In numerous communications subsequent to its December 14 notice of claim for lien, Pinzur repeatedly demanded that Hartford honor its lien by including it as a payee on drafts to Patka or the various providers. Pinzur's letters of February 1, 1983, February 8, 1983, and March 10, 1983, were directed initially to matters concerning Patka's benefits under the Hartford policy and merely added a request that Hartford name Pinzur as a payee pursuant to its lien. Letters sent by Pinzur on February 16, 1983, May 2, 1983, and June 13, 1983, dealt only with the lien claimed by Pinzur. Ultimately, Pinzur filed suit against Hartford seeking enforcement of its lien.
On June 13, 1986, the trial court denied Hartford's motion for summary judgment and granted Pinzur's cross-motion for summary judgment on the issue of liability. Subsequently, the lower court granted Pinzur's motion for summary judgment as to damages. Based upon the one-third contingent fee contract between Pinzur and Patka, and the $35,757.33 paid to the providers, the court entered judgment for plaintiff in the amount of $11,917.91. Hartford then timely filed this appeal.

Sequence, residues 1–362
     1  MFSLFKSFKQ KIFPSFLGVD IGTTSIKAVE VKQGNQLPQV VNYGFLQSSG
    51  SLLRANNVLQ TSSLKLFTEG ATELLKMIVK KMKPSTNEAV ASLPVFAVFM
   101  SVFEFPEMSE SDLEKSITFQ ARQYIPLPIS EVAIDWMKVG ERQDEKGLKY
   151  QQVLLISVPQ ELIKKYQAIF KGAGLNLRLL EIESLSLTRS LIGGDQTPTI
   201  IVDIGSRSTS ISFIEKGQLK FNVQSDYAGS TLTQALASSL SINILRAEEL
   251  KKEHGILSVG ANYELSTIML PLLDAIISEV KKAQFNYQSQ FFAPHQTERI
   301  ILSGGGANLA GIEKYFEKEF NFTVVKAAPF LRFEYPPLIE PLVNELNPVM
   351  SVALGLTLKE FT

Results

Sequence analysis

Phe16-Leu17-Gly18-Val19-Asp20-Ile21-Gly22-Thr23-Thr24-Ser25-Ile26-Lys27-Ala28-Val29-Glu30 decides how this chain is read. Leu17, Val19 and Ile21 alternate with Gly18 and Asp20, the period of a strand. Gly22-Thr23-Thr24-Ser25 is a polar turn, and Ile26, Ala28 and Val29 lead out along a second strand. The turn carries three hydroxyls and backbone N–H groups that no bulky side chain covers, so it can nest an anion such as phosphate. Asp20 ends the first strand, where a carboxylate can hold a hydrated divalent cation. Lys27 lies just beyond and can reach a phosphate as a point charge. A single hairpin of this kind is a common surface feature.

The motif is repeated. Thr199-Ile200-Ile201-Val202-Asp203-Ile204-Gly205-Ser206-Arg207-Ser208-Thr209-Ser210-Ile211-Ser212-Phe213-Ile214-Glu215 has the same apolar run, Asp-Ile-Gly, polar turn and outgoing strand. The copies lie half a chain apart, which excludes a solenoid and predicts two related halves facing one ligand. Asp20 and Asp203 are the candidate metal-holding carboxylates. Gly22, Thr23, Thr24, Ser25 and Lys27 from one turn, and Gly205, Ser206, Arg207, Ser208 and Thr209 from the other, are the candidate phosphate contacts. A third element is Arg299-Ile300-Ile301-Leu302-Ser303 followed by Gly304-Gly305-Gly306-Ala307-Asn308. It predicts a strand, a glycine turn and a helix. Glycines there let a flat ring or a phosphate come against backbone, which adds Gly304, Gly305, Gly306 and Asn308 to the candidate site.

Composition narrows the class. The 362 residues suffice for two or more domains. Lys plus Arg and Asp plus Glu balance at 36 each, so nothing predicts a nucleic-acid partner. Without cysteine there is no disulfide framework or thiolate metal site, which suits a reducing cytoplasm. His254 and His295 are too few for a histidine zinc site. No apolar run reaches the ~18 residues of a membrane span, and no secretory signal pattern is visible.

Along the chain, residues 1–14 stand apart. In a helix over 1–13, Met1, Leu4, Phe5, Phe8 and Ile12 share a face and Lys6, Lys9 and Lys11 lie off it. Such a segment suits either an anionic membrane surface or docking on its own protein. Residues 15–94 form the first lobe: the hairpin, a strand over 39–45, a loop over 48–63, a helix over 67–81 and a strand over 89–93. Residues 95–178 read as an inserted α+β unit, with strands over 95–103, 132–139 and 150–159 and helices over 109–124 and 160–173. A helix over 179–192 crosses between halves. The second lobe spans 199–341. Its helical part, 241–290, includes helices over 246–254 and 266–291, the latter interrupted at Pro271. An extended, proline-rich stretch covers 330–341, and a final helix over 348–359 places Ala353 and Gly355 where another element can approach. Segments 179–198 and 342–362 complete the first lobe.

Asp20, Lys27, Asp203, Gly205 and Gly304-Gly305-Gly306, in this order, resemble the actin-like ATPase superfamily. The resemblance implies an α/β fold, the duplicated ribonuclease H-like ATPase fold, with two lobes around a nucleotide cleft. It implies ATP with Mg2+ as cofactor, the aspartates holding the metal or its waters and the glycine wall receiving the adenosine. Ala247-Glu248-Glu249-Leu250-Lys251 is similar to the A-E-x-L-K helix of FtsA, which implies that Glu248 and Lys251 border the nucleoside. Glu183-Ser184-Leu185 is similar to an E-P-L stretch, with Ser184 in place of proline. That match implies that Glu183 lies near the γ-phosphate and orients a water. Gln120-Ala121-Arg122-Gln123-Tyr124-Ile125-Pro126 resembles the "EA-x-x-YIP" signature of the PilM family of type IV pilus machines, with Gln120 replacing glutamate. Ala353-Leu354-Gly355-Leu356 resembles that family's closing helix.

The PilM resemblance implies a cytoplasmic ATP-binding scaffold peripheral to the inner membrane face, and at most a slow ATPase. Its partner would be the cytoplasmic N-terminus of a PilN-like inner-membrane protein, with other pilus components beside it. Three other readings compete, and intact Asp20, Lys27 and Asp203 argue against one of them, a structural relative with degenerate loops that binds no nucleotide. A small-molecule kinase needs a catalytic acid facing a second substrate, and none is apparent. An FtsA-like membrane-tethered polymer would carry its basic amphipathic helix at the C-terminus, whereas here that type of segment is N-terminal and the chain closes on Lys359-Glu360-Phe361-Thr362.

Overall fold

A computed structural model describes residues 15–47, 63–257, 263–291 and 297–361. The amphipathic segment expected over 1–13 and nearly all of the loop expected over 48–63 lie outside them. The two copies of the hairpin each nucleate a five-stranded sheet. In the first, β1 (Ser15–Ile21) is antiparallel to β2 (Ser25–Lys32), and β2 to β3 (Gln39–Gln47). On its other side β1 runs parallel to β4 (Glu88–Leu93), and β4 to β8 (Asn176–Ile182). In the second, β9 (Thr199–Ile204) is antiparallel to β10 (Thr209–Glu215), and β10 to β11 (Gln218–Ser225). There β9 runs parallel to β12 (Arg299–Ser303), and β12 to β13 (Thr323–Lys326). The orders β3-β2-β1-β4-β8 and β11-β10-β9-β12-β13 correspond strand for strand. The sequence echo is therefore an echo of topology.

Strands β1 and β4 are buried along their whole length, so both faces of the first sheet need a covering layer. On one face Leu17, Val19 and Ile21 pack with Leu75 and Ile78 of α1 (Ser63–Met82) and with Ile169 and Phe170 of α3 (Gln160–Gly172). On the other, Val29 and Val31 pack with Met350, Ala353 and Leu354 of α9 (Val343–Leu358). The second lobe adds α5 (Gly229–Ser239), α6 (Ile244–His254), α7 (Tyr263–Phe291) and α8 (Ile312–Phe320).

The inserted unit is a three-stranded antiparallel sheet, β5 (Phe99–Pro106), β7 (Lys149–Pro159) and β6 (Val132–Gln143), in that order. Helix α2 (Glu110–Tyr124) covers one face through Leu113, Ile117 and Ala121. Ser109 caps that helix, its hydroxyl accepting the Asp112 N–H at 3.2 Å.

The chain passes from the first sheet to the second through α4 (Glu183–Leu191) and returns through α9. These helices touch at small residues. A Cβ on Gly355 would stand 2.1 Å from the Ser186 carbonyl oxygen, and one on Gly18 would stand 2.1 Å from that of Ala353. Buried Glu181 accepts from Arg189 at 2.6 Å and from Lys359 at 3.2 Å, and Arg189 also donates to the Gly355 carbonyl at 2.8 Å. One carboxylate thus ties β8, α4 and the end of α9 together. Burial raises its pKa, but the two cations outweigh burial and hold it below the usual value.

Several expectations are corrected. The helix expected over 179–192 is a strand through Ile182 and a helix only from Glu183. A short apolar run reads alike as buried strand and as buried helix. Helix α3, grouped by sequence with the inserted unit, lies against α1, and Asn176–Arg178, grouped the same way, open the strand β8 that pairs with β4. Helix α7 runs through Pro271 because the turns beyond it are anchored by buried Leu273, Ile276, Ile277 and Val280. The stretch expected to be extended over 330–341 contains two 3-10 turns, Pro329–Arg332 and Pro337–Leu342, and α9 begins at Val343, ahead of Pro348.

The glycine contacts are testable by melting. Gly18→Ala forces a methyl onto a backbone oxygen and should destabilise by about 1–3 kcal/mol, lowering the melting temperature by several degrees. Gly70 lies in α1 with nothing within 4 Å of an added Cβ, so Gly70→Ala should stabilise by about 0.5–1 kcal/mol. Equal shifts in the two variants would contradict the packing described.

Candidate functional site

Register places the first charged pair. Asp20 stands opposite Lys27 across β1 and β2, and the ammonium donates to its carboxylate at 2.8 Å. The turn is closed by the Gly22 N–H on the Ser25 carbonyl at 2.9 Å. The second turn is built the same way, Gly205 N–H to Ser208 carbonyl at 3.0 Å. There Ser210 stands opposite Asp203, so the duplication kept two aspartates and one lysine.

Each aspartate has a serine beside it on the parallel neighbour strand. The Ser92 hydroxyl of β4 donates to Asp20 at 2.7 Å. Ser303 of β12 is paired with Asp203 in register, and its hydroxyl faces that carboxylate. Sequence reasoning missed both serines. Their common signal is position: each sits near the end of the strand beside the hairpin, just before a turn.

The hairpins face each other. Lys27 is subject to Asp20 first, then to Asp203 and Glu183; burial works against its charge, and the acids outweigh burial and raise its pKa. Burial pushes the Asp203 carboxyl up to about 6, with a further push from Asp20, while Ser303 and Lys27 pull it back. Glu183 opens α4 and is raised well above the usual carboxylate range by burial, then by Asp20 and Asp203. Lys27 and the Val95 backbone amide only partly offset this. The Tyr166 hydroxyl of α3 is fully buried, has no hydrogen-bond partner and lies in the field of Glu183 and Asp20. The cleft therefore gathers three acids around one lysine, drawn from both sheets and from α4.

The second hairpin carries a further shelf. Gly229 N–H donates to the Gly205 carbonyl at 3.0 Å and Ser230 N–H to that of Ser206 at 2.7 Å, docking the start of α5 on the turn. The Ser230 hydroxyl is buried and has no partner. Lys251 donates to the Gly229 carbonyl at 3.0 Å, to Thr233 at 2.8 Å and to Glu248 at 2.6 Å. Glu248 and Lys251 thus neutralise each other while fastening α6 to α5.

Both orders appealed from granted motions for summary judgment. Summary judgment should be granted only when there are no genuine issues of material fact yet to be decided by a trier of fact and the movant is entitled to judgment as a matter of law. (Marquette National Bank v. Walgreen Co. (1984), 126 Ill. App. 3d 680, 682, 467 N.E.2d 954; Bohnen International, Inc. v. Liberty Mutual Insurance Co. (1983), 120 Ill. App. 3d 657, 662, 458 N.E.2d 644.) Defendant maintains that Pinzur was not entitled to summary judgment as a matter of law.
Hartford raises a threshold legal question regarding the viability of Pinzur's lien. Pinzur had sent Hartford a notice of lien claim pursuant to "An Act creating attorney's lien and for enforcement of same" (hereinafter cited as Attorney's Lien Act or Act) (Ill. Rev. Stat. 1985, ch. 13, par. 14), which states in pertinent part: